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What does perfectionism look like and its classifications for the individual?

A perfectionist is somebody who pushes for perfection in all they do. Focusing attention on flaws, attempting to control things, working very hard, or even being overly critical of oneself or others are all common ways to achieve this.

Bin Burnout

Are you curious to know if you're a perfectionist? Chances are that you might very well be one, at least to some extent. Because of the positive implications of the term "perfect," there's a strong possibility you've invested some part of your persona in being perfect.

In this article, we’ll explore what perfectionism looks like and its different kinds. [1] Take a look.

Rigid perfectionism

Self-centred or strict perfectionists are meticulous and organised. They set high expectations for themselves in their personal and professional life, yet they are able to achieve their objectives. High levels of self-oriented perfectionism are linked to the most "adaptive" attributes, such as inventiveness and confidence, which are linked to increased success and achievement. They have higher levels of motivation and pleasant feelings.[2] Here’s what rigid perfectionists are likely to think about themselves. If they are questions you ask yourself frequently, you fall under this category. Have a look.

1. I have a strong need to be perfect.

Nothing short of perfect can work for me.

2. It is important to me to be perfect in everything I attempt.

No matter how difficult something is, I have to do it perfectly.

3. Striving to be as perfect as possible makes me feel worthwhile.

Performing flawlessly is the only thing that defines my worth.

4. My opinion of myself is tied to being perfect.

Doing things flawlessly is the only thing that defines me.

Self-critical perfectionism

Perfectionists who are socially driven are extremely critical of themselves. They are under a lot of pressure to be the greatest and are afraid that others will dismiss them. Anxiety and poor morale can be caused by the perception of social standards (which might originate from relatives, work environment, culture, and so forth) that are too demanding. We have listed some statements below. If these statements resonate, you may fall under the umbrella of self-critical perfectionism. Take a peek.

5. The idea of making a mistake frightens me.

Failing is something I don’t want to think about because it scares me.

6. When I notice that I have made a mistake, I feel ashamed.

Less-than-perfect is very painful, frightening and makes me experience a lot of shame.

7. I have doubts about everything I do.

I am quite self-critical, mostly unhappy and doubt myself no matter what I do.

8. I judge myself harshly when I don’t do something perfectly.

If something doesn’t happen perfectly, only I am to blame and nothing else.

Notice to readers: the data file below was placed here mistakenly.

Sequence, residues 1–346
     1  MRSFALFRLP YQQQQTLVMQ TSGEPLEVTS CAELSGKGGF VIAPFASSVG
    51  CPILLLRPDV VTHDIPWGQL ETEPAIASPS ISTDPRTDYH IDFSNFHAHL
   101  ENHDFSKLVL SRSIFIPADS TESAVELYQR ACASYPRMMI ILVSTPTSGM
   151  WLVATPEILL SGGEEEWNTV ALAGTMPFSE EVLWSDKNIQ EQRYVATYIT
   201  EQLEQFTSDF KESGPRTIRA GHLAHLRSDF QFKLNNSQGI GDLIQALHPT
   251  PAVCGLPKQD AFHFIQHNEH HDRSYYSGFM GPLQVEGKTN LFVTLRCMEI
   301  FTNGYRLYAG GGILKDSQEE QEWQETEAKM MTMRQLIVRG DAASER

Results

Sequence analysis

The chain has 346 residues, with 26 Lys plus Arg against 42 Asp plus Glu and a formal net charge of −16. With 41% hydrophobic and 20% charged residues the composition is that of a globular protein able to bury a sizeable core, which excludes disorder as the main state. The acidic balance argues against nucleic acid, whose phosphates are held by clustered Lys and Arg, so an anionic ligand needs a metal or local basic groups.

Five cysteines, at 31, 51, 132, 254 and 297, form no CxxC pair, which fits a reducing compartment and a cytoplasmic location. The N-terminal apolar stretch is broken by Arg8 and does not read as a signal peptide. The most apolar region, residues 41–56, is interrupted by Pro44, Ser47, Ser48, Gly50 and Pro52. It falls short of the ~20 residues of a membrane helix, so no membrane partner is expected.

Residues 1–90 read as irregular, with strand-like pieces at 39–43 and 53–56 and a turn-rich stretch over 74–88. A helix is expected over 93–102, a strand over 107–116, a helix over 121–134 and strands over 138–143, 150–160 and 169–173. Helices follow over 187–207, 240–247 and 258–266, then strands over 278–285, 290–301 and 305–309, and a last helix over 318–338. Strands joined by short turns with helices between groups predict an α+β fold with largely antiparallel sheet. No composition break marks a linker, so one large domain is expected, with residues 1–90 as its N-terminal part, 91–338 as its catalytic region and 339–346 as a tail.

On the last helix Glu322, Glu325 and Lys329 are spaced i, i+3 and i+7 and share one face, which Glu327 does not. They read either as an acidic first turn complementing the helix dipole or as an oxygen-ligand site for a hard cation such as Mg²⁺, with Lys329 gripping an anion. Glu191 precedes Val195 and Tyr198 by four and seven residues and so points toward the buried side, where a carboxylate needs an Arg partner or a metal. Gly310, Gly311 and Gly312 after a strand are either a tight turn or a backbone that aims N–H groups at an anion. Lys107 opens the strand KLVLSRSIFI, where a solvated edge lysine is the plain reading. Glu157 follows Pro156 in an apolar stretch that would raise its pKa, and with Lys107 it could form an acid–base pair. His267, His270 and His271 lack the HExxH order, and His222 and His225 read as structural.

9. I feel disappointed with myself, when I don’t do something perfectly.

No matter what the circumstances were, it was I who failed to get things done properly.

10. People are disappointed in me whenever I don’t do something perfectly.

I fear rejection or that a person may not take me seriously if I don’t do things flawlessly.

Narcissistic perfectionism

We tend to think of narcissists as people who are so focused on themselves that they don't care if they achieve beneficial goals as long as they appear to have done so. If they do, that's great; if they don't, it's acceptable as long as others believe they have. Until they manage to achieve their intended aims in the meantime, narcissistic people are more about notoriety, not the doing. However, academics have been intrigued by the idea that individuals who score high in narcissism also show perfectionistic tendencies, or have the urge to perform flawlessly.

Perfectionists who are other-oriented or narcissists — that is, they hold people to rigorous expectations that are harsh and condescending – can wreak havoc in other people’s lives. It's difficult to form productive connections in these circumstances, which is one of the reasons why this particular kind is so harmful and destructive. If you think you might be a narcissist and a perfectionist, here’s a quick way to reflect.

11. I expect those close to me to be perfect.

Everyone needs to be just as perfect as I try to be.

12. I am highly critical of other people’s imperfections.

Only I can do things perfectly. There must be a mistake there somewhere!

13. I feel dissatisfied with other people, even when I know they are trying their best.

They could’ve done better than that. At least I would have.

14. It bothers me when people don’t notice how perfect I am.

My work should never go unnoticed. And not me either.

15. I deserve to always have things go my way.

It should have gone my way because I know best.

16. I know that I am perfect.

I know and I believe that I am perfect.

Although perfectionists may get a lot of praise and may be considered absolutely outstanding in their work, it may motivate people to work excessively and this may lead to burnout for many. Pathological perfectionism can cause stress, worry, low self-esteem, and other issues that can negatively impact one’s quality of life. Perfectionists are critical, fearful, have unreasonable standards, dread failure, and get defensive when confronted with criticism. Are you struggling with perfectionist tendencies too?

Don’t worry, Brene Brown’s book The Gift of Imperfection is a ‘perfect’ remedy to your obsession with lawlessness


This 5-minute video is an excellent preview on the book, summarising Brown’s points in a comprehensive manner.

Take a look!



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